Aside from this, I’d expect to see optimisation strategies improve as we understand more about the external factors affecting the user journey, giving us the ability to auto optimise towards our most cost effective path to conversion.

 

BuzzFeed may not be affected by ad blocking due to the types of native ads you serve, but many others in the industry (especially technology ­oriented and gaming sites) have to deal with it on a daily basis. How do you see the ad blocking quandary we are in playing out over the next few years?

I often compare ad blockers to the paywalls that several publishers currently implement. The core message here is that good editorial content comes at a price, and if the user doesn’t feel the content is worth this price, then both stand to lose out. Both publishers, and consumers, dislike intrusive ads ­ to the publisher, it sacrifices their editorial integrity and can slow down their load times, and to the user, it promotes a negative overall experience. The way that the industry approaches this dilemma will shape the future success of publishers.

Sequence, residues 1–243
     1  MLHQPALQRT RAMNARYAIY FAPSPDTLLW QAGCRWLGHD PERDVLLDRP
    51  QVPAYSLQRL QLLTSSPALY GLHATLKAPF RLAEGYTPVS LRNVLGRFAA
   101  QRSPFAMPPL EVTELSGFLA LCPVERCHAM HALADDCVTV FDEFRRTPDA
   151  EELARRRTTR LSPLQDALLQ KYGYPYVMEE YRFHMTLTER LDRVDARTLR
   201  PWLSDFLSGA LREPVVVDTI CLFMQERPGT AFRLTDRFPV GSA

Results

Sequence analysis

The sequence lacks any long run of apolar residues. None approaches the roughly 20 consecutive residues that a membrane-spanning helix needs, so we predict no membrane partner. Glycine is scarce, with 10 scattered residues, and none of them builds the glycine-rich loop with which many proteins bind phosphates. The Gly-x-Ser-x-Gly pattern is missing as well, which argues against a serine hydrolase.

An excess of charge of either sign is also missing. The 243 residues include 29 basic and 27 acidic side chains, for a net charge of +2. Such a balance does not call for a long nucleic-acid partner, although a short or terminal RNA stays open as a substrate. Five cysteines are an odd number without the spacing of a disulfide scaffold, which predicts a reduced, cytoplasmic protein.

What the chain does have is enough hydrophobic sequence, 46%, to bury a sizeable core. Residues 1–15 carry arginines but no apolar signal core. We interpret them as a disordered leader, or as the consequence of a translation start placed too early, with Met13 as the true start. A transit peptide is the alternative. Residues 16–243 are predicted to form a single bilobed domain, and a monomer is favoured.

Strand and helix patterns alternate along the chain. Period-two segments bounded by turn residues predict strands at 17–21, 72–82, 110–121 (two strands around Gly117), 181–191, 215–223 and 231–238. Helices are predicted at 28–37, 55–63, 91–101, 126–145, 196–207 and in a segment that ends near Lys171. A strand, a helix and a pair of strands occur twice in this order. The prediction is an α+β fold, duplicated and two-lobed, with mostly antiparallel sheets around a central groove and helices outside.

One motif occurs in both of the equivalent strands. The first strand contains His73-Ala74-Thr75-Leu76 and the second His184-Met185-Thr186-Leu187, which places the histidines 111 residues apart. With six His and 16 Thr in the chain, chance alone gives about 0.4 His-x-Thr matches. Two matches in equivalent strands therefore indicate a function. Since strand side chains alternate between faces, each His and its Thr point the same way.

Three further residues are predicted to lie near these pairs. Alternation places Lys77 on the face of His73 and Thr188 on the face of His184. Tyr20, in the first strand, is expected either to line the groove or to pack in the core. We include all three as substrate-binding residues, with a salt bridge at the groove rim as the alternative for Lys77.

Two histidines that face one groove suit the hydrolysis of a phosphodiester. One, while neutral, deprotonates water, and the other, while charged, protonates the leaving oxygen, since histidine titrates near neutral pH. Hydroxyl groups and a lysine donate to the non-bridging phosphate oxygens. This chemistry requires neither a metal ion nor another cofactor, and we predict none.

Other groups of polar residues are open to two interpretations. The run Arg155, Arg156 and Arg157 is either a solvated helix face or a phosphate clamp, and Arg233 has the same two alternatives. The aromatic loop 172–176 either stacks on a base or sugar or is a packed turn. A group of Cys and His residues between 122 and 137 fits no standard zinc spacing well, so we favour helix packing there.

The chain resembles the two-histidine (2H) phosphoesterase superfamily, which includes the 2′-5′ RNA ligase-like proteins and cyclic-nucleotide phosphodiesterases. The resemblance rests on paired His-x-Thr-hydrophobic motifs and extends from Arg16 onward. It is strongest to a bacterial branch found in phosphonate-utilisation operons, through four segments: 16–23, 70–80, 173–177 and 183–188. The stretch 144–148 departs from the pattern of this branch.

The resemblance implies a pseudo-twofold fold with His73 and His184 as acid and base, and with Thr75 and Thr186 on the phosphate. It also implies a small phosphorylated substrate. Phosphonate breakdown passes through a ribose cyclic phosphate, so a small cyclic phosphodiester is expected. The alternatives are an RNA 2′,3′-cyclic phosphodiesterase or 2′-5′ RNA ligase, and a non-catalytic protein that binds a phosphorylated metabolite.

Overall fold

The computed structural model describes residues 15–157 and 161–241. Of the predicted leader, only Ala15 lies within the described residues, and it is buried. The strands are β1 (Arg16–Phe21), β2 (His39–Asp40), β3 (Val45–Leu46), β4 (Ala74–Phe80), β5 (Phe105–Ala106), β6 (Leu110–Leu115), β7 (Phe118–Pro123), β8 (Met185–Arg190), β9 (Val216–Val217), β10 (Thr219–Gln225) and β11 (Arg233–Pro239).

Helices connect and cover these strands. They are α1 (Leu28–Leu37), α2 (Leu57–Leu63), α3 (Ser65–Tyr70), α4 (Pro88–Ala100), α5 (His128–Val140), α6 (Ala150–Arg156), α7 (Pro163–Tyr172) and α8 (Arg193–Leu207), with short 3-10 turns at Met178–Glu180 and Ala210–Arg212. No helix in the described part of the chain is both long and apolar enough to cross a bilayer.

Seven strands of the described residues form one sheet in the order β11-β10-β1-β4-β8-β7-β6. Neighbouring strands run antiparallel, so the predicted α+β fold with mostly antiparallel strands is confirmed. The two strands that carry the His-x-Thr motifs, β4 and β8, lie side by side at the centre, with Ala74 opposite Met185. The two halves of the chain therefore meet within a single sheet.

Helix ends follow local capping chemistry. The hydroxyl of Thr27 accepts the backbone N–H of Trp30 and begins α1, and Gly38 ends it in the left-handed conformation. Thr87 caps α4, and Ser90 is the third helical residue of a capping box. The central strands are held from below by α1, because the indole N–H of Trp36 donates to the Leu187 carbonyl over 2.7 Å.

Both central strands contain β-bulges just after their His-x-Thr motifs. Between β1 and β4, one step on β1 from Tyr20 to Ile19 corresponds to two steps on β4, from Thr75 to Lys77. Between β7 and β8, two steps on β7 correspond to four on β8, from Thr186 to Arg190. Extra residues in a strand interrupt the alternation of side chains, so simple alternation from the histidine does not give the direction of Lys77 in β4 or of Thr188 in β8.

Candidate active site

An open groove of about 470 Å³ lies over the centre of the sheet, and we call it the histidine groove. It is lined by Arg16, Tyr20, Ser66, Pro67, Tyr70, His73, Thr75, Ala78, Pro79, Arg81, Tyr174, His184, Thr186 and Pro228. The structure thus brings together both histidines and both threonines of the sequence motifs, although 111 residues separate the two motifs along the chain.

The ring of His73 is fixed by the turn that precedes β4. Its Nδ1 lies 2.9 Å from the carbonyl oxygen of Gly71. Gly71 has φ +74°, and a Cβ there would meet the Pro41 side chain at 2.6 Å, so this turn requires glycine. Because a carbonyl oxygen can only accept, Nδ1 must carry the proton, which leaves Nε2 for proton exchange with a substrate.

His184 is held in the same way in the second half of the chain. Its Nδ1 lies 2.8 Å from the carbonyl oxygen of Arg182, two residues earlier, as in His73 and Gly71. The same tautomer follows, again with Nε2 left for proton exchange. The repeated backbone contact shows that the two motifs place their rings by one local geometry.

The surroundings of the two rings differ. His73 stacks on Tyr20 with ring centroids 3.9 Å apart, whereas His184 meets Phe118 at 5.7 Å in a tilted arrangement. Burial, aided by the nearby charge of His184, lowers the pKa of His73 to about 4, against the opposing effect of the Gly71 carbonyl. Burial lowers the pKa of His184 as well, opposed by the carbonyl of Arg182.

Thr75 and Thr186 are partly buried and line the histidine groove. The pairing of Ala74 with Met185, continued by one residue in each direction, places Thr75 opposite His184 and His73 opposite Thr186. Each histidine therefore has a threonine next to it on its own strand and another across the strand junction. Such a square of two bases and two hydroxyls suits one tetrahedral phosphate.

Our approach to this is to focus on how can we keep the user experience as natural as possible, whilst working with brands to improve their overall content strategy. By focusing on native in everything that we do, we’re able to craft content that deserves to live in the feed, instead of forcing content down the consumer’s throat.

 

Lastly, what do you see as the future of branded content, native advertising, and sponsored posts as it pertains to distributed audiences? Do you see other larger, and even niche publishers following suit?

How a brand approaches content development and aligns it with their distribution strategy has never been so important. We are at a place in time now where we know which type of content is resonating with which type of user, on each individual platform ­ all in real time. The ability for brands/publishers to lock in these audience pools, compile these learnings, and leverage this across each distribution channel, will ultimately separate the winners from the losers.

 


 

BuzzFeed is an international news and entertainment company that attracts 200M+ monthly unique visitors monthly. BuzzFeed covers breaking news, produces original video, and creates content that people want to share on the web.